Our first aim in this paper is to characterize both the current distribution and abundance of C. dentata to create a new baseline to support restoration efforts. We use new United States Department of Agriculture Forest Service Forest Inventory and Analysis (FIA) program data to document the current abundance and distribution of C. dentata. Our second aim is to review what is known about biogeographic patterns in C. dentata with particular attention to climate change and genetic considerations, both of which will be important for restoration efforts.

2. Methods

Previous researchers have noted the limitations for using FIA data to assess C. dentata populations including the nature of the FIA sample, the rarity of C. dentata, inconsistency in the sampling of seedlings across states and inventory years, and species misidentifications [10]. In response to some of these limitations, the FIA program has implemented over the past two decades a nationally consistent sampling protocol and database system [11]. Data for seedling-sized trees are now available, along with approximate geographic locations and information by ecological regions, sections and subsections. Castanea dentata is still relatively rare and species misidentifications could occur, which may produce anomalies despite rigorous quality control procedures. Nevertheless, the FIA data are now significantly more useful for assessing contemporary C. dentata populations.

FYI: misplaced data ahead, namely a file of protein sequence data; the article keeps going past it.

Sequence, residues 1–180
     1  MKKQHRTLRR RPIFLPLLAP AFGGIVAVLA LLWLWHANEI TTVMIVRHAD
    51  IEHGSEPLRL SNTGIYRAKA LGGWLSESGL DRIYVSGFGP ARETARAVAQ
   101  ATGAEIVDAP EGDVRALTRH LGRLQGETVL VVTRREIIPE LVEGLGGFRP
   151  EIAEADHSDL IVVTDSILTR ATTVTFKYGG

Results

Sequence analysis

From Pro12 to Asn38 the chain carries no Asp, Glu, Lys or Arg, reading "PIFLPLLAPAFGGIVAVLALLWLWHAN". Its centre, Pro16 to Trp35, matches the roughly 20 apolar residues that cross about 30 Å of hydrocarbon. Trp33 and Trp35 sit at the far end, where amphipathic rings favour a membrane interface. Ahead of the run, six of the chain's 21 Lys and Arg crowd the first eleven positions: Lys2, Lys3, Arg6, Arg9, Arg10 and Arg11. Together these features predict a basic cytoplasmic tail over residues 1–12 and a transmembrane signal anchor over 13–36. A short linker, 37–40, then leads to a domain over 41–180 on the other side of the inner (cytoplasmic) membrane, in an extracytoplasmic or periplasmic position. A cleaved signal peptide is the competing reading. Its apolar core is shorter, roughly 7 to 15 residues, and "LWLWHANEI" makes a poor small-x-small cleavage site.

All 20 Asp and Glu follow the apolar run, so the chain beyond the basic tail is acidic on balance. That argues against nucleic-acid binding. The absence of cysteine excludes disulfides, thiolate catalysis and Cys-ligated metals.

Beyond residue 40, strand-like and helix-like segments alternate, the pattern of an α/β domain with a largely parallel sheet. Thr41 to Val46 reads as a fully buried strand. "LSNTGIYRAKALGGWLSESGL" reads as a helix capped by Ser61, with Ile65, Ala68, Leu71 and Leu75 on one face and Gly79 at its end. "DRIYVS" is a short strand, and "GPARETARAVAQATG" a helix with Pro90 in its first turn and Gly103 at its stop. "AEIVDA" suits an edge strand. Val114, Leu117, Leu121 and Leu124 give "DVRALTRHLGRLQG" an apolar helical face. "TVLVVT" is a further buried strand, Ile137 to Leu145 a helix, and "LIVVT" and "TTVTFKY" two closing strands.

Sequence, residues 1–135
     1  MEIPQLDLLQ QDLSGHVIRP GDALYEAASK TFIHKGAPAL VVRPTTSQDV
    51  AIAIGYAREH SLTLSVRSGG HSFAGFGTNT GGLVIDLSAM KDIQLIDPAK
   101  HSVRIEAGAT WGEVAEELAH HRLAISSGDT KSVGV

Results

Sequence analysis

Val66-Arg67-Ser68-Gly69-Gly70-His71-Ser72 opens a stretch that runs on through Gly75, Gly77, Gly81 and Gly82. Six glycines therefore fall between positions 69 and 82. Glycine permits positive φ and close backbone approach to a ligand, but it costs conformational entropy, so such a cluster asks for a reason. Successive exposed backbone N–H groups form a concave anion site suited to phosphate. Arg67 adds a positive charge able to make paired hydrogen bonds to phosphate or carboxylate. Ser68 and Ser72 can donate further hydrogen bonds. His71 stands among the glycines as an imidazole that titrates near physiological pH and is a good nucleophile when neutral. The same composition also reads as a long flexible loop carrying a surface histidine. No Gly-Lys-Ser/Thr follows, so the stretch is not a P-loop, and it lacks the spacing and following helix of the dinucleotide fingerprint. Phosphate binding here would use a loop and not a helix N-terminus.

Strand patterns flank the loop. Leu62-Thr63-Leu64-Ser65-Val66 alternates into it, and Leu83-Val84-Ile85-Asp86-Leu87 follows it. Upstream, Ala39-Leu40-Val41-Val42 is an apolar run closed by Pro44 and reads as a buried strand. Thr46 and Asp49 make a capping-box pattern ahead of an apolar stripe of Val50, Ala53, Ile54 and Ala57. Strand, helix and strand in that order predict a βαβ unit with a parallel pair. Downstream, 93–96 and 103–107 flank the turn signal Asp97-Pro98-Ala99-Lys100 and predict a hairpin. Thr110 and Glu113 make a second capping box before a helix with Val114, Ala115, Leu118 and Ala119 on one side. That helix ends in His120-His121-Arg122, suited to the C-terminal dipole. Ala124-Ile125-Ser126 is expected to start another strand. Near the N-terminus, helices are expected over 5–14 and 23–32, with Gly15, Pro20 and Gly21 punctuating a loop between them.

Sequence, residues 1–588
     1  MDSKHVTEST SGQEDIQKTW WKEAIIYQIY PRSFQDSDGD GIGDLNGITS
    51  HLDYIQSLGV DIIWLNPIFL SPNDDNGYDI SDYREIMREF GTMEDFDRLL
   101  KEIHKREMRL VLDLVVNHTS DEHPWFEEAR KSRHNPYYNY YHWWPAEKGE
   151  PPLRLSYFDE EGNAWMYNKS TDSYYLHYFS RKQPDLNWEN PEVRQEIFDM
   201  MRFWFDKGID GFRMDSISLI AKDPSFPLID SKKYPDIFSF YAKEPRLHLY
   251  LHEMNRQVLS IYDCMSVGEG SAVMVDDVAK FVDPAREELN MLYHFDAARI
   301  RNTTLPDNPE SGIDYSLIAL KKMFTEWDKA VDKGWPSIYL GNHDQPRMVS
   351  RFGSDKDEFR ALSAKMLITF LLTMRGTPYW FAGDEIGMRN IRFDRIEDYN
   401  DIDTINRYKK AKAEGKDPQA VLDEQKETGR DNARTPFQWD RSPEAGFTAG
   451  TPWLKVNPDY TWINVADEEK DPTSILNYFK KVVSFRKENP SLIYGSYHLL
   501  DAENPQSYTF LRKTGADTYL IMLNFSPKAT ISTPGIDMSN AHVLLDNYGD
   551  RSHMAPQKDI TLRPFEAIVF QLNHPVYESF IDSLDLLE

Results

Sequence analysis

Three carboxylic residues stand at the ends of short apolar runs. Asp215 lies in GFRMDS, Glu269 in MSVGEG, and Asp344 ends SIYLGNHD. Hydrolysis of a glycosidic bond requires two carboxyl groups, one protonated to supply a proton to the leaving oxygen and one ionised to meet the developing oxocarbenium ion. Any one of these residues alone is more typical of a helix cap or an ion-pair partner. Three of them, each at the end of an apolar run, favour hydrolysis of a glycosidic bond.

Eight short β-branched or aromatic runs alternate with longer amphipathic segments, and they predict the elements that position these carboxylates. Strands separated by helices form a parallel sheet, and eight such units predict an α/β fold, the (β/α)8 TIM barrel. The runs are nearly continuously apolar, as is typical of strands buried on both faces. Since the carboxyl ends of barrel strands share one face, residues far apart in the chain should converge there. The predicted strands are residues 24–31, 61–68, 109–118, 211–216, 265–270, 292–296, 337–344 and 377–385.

The current FIA sampling design consists of three phases. The first phase uses remote sensing to produce a stratification of land area to reduce estimation variance. In the second phase, field crews visit permanent ground plots to measure tree and stand variables. The ground plots are located at a density of approximately 1 plot per 2428 ha, one plot within a hexagon of a national array of hexagons covering the land area of the conterminous United States. The third phase is a 1/16th subset of the Phase 2 plots. Phase 3 plots are measured for additional variables related to forest ecosystem health. The estimates reported in this paper are derived from the Phase 1 stratification and the field measurements from Phase 2. The Phase 2 ground plot consists of a cluster of four subplot centers located 36.6 m apart. At each subplot center a 7.3 m radius subplot is used to measure all trees within that are 12.7 cm in diameter at breast height (dbh) or greater. Each subplot contains a 2.1-m radius microplot, which is used to sample all saplings (trees 2.5 cm–12.4 cm dbh) and seedlings (trees <2.5 cm dbh). The total area of the four subplots is 0.03 ha.